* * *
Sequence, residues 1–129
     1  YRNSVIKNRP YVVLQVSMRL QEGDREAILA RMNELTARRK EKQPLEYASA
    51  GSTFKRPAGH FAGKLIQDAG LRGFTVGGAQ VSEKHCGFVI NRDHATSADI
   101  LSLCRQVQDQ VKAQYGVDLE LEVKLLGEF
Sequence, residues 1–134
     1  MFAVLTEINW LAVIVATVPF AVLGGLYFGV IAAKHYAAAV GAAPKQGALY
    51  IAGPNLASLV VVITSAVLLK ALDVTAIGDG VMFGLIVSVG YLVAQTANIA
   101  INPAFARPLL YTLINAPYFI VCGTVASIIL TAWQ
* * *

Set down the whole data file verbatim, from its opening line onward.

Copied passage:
Sequence, residues 1–129
     1  YRNSVIKNRP YVVLQVSMRL QEGDREAILA RMNELTARRK EKQPLEYASA
    51  GSTFKRPAGH FAGKLIQDAG LRGFTVGGAQ VSEKHCGFVI NRDHATSADI
   101  LSLCRQVQDQ VKAQYGVDLE LEVKLLGEF
Sequence, residues 1–134
     1  MFAVLTEINW LAVIVATVPF AVLGGLYFGV IAAKHYAAAV GAAPKQGALY
    51  IAGPNLASLV VVITSAVLLK ALDVTAIGDG VMFGLIVSVG YLVAQTANIA
   101  INPAFARPLL YTLINAPYFI VCGTVASIIL TAWQ